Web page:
"It’s a very difficult principle to grasp, this idea that actually, what I don’t know matters enormously, and what I can’t see matters enormously."
~ Daniel Kahneman
"What we’ve been doing for thousands of years is just trying to piece by piece get some understanding of where we came from, where the universe came from, and where it’s all going. So, to me, that is not distinct from what the poet does or what the philosopher does or what the great writer does or the composer does. They just do it in a different language."
~ Brian Greene
"I do know enough as a psychologist about learning and memory. And I know that we learn. How much of this I need to do in order to change, I cannot say. But I can say that there is a point at which this brain is not just elastic in moving to what is being suggested, but that it may be plastic in that it can be reset into a new mold."
~ Mahzarin Banaji
"What we need to learn is how can we live together with people whose views we don't actually like very much? That's the far greater challenge, without attempting to convert them or dismissing them and denying their right to exist parallel to us. It's really about the stranger...It's basically saying we have a shared humanity even with people who don't seem to take the boxes that we have put in place in terms of recognizing what a good human is."
~ Alain de Botton
I have to say that I limit my consumption of journalism or I'm more selective about it than I used to be, because — precisely for this reason. It's not telling us the whole story. It's telling part of the story, sometimes well, sometimes badly, but we have to look in other places — and I think we should mention the Arab Spring in this context. Who knows how that's going to unfold?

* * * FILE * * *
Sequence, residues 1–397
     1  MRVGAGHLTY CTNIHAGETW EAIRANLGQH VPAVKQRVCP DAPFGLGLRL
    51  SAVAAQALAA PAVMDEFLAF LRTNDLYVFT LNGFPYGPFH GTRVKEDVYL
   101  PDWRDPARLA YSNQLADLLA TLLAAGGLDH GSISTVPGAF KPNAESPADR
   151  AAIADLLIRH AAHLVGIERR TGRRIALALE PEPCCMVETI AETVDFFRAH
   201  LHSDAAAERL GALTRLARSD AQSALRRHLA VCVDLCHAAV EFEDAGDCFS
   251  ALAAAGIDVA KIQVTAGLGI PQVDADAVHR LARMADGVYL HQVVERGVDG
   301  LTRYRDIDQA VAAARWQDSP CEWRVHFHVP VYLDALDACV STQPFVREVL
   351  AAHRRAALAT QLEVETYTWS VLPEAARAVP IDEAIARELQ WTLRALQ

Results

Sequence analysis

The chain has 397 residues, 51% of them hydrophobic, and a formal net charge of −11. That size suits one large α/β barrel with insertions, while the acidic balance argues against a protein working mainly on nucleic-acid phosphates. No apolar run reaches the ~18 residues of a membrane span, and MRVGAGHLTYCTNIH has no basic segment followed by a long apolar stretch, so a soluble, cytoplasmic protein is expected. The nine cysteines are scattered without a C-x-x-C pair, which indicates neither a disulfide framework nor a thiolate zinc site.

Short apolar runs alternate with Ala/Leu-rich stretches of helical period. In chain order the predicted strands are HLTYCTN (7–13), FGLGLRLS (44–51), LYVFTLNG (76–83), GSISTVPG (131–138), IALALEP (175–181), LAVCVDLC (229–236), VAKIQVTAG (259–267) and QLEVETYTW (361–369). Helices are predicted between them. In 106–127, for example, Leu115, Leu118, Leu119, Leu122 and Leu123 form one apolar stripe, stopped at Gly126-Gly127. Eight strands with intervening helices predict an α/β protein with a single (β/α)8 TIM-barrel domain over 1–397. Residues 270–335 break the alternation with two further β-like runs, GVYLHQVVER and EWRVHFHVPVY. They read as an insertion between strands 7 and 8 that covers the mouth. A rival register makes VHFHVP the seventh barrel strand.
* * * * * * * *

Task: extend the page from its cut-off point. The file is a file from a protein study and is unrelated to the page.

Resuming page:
But we were not trained by our political leaders, our pundits or our journalists to see anything but breeding grounds for terror on Arab streets. And it turns out that Arab streets could also be breeding grounds for dignity and democracy and the same kinds of longings — in fact, a narrative that Americans know very well. And that actually gives me hope. This realization that we are too shortsighted, that we simply don't see the whole picture at any given time, that history will surprise us has a terrifying dark side and it has a very hopeful side if you can lean into it.
"As I became a sociologist, [I discovered] there's a fancy word for studying this; it's called bricolage. It's the science of studying meanings and the interplay of objects, and I realized that that's kind of what I'd been doing all the time. A little bit like Molière's, Monsieur Jourdain who'd been speaking prose all his life without knowing it, I'd been a bricoleur all my life without knowing it."
~ Sherry Turkle
“Our culture is obsessed with perfection and with hiding problems. But what a liberating thing to realize that our problems, in fact, are probably our richest sources for rising to this ultimate virtue of compassion. Towards bringing compassion towards the joys and sufferings of others…Compassion can’t be reduced to sainthood any more than it can be reduced to pity…Compassion is equally at home in the secular as well as in the religious. So I will paraphrase Einstein and say that the future of humanity needs [the technology of compassion] as much as it needs all the others that have now connected us and set before us the terrifying and wondrous possibility of actually becoming one human race.”